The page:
Loan portfolios at Maine-based banks grew 4.22 percent to nearly $13.9 billion. Breaking down that number further, Pinkham said residential real estate loans are up 4.03 percent to $6.2 billion; commercial real estate loans are up 6.47 percent to $4.5 billion; and commercial and industrial loans are up 6.47 percent to $4.5 billion.
Comparing banks and credit unions is not simple as the two sectors are not equal in terms of size. Credit unions are still relatively small compared to banks. For example, the state’s largest credit union, Maine State Credit Union in Augusta, has $345 million in assets. That would make it only the 16th largest bank in the state. For comparison, Bangor Savings Bank, the largest Maine-based bank, has more than $2 billion in assets.
Pinkham, whose organization also counts large banks such as TD Bank, Bank of America, and KeyBank as members, is less convinced that a buy-local movement in banking explains the growth.
“I’m sure there’s a perception by some financial institutions that they are gaining because of certain market occurrences, but in reality I think consumers — who have a tremendous number of choices in Maine … they select their financial institution because of price and service,” Pinkham said.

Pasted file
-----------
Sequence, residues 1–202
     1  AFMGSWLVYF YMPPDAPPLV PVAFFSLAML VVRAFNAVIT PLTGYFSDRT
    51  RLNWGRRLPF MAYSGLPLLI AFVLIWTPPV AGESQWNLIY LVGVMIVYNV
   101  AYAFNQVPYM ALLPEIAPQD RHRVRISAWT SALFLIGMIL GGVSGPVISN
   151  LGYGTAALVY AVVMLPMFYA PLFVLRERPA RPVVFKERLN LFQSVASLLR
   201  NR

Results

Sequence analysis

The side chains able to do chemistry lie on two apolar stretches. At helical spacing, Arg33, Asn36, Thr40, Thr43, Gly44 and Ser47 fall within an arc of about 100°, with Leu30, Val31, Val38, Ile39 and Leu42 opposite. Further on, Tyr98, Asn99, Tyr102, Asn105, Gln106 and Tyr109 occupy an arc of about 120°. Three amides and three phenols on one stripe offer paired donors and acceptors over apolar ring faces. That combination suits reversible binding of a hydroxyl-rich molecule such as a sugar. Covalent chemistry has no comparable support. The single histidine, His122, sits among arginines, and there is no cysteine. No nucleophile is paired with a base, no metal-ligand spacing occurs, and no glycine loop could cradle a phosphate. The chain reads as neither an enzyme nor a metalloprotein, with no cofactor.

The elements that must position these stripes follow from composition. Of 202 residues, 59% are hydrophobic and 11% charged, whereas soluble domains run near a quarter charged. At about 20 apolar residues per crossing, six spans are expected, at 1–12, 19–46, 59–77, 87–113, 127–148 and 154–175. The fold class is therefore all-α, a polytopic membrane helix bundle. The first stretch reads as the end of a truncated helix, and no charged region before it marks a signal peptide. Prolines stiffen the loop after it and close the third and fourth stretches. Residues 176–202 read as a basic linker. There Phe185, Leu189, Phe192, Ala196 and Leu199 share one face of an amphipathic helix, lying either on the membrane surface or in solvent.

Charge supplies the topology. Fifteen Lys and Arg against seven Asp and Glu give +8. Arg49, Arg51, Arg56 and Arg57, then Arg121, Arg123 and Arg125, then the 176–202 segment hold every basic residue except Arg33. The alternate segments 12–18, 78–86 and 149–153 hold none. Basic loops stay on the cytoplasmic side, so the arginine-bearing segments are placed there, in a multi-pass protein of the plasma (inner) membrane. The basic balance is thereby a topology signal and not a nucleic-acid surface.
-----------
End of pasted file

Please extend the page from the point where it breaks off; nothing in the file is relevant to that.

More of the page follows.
UMaine’s Agrrawal agrees that price and service play a part in where people choose to do their banking, but he also points to social movements like “Bank Transfer Day” — a grassroots effort in 2011 that encouraged people to close their accounts at for-profit banks and open accounts at credit unions — as a sign that more is at play in peoples’ decisions.
Steve Clark, CEO of Bangor Federal Credit Union, believes “anti-big bank sentiment” had something to do with the roughly 1.4 percent increase in membership, which now stands at roughly 15,000 members, that his organization has experienced. Bangor Federal Credit Union also increased its assets (5.7 percent increase to $121 million in 2012) and deposits (5.7 percent increase to $111 million) in 2012. However, it lagged in terms of loan growth, Clark said.
The credit union’s loan portfolio actually saw a 2.8 percent dip from year-end 2011 to year-end 2012, from $90 million to $87 million, Clark said. The reasons for the decrease, he said, were the credit union’s “pretty conservative” standards when it comes to adding long-term, fixed-rate mortgages, as well as a slight reduction in its auto loans.
But Clark said the dip wasn’t alarming. In fact, the credit union’s loan portfolio already experience a “positive tick” in the first four months of 2013, jumping back up to $90 million, he said.
Clark is optimistic of the future.
“I think there’s a level of confidence we’ve seen so far [in 2013] that hasn’t been evident in the past couple years,” Clark said. “I think [people] are feeling good about having reduced some debt and seeing a rebound in their 401k plans. I think people are very cognizant of the low interest-rate environment and they’re slowly coming out and taking advantage of that and borrowing now where they haven’t been.
“I anticipate if these trends continue we will certainly exceed the 5.7 percent growth number we achieved last year,” Clark said. “We are very optimistic that the positive loan growth will continue.”